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EEG Source Imaging Indices of Cognitive Control Show Associations with Dopamine System Genes


McLoughlin, G; Palmer, J; Makeig, S; Bigdely-Shamlo, N; Banaschewski, T; Laucht, M; Brandeis, D (2018). EEG Source Imaging Indices of Cognitive Control Show Associations with Dopamine System Genes. Brain Topography, 31(3):392-406.

Abstract

Cognitive or executive control is a critical mental ability, an important marker of mental illness, and among the most heritable of neurocognitive traits. Two candidate genes, catechol-O-methyltransferase (COMT) and DRD4, which both have a roles in the regulation of cortical dopamine, have been consistently associated with cognitive control. Here, we predicted that individuals with the COMT Met/Met allele would show improved response execution and inhibition as indexed by event-related potentials in a Go/NoGo task, while individuals with the DRD4 7-repeat allele would show impaired brain activity. We used independent component analysis (ICA) to separate brain source processes contributing to high-density EEG scalp signals recorded during the task. As expected, individuals with the DRD4 7-repeat polymorphism had reduced parietal P3 source and scalp responses to response (Go) compared to those without the 7-repeat. Contrary to our expectation, the COMT homozygous Met allele was associated with a smaller frontal P3 source and scalp response to response-inhibition (NoGo) stimuli, suggesting that while more dopamine in frontal cortical areas has advantages in some tasks, it may also compromise response inhibition function. An interaction effect emerged for P3 source responses to Go stimuli. These were reduced in those with both the 7-repeat DRD4 allele and either the COMT Val/Val or the Met/Met homozygous polymorphisms but not in those with the heterozygous Val/Met polymorphism. This epistatic interaction between DRD4 and COMT replicates findings that too little or too much dopamine impairs cognitive control. The anatomic and functional separated maximally independent cortical EEG sources proved more informative than scalp channel measures for genetic studies of brain function and thus better elucidate the complex mechanisms in psychiatric illness.

Abstract

Cognitive or executive control is a critical mental ability, an important marker of mental illness, and among the most heritable of neurocognitive traits. Two candidate genes, catechol-O-methyltransferase (COMT) and DRD4, which both have a roles in the regulation of cortical dopamine, have been consistently associated with cognitive control. Here, we predicted that individuals with the COMT Met/Met allele would show improved response execution and inhibition as indexed by event-related potentials in a Go/NoGo task, while individuals with the DRD4 7-repeat allele would show impaired brain activity. We used independent component analysis (ICA) to separate brain source processes contributing to high-density EEG scalp signals recorded during the task. As expected, individuals with the DRD4 7-repeat polymorphism had reduced parietal P3 source and scalp responses to response (Go) compared to those without the 7-repeat. Contrary to our expectation, the COMT homozygous Met allele was associated with a smaller frontal P3 source and scalp response to response-inhibition (NoGo) stimuli, suggesting that while more dopamine in frontal cortical areas has advantages in some tasks, it may also compromise response inhibition function. An interaction effect emerged for P3 source responses to Go stimuli. These were reduced in those with both the 7-repeat DRD4 allele and either the COMT Val/Val or the Met/Met homozygous polymorphisms but not in those with the heterozygous Val/Met polymorphism. This epistatic interaction between DRD4 and COMT replicates findings that too little or too much dopamine impairs cognitive control. The anatomic and functional separated maximally independent cortical EEG sources proved more informative than scalp channel measures for genetic studies of brain function and thus better elucidate the complex mechanisms in psychiatric illness.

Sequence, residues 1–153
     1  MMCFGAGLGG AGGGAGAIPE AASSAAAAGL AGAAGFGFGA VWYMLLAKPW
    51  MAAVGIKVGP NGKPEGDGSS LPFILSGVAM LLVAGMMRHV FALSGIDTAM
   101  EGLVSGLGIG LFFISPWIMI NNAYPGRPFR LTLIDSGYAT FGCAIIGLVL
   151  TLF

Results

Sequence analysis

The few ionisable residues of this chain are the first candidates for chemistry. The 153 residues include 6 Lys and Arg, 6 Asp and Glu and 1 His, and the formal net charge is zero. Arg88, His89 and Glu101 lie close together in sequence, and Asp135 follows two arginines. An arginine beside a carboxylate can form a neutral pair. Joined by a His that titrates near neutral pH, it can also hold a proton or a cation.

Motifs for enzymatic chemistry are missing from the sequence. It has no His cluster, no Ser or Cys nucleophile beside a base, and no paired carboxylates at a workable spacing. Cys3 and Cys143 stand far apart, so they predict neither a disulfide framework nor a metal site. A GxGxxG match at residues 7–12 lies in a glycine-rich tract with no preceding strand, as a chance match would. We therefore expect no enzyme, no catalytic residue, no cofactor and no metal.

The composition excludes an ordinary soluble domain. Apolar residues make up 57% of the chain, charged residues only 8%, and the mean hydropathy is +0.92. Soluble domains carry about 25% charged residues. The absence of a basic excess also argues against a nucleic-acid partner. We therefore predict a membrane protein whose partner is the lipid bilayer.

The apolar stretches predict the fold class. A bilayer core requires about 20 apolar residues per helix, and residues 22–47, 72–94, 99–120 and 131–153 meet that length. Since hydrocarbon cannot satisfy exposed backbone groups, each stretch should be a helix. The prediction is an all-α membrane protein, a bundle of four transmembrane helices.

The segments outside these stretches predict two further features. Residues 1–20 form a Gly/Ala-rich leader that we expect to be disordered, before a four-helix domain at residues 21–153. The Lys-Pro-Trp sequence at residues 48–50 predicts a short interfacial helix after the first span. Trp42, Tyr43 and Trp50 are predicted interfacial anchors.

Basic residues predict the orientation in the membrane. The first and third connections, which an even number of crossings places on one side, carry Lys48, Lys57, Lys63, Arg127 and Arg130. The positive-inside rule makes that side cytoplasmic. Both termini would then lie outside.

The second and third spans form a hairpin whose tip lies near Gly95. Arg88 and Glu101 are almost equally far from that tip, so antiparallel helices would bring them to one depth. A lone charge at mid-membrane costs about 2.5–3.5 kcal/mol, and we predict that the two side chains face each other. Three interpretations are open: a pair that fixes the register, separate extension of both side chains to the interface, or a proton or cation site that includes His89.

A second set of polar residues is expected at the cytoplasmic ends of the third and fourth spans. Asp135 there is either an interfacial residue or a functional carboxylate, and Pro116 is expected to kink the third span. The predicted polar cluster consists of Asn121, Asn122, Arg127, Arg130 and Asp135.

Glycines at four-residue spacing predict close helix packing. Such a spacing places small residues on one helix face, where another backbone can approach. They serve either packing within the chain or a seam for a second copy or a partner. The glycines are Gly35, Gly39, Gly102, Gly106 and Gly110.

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Additional indexing

Item Type:Journal Article, refereed, original work
Communities & Collections:04 Faculty of Medicine > Psychiatric University Hospital Zurich > Center for Child and Adolescent Psychiatry
04 Faculty of Medicine > Neuroscience Center Zurich
04 Faculty of Medicine > Center for Integrative Human Physiology
Dewey Decimal Classification:610 Medicine & health
Language:English
Date:2018
Deposited On:11 Jan 2018 12:57
Last Modified:08 Apr 2018 01:02
Publisher:Springer
ISSN:0896-0267
OA Status:Hybrid
Publisher DOI:https://doi.org/10.1007/s10548-017-0601-z
PubMed ID:29222686

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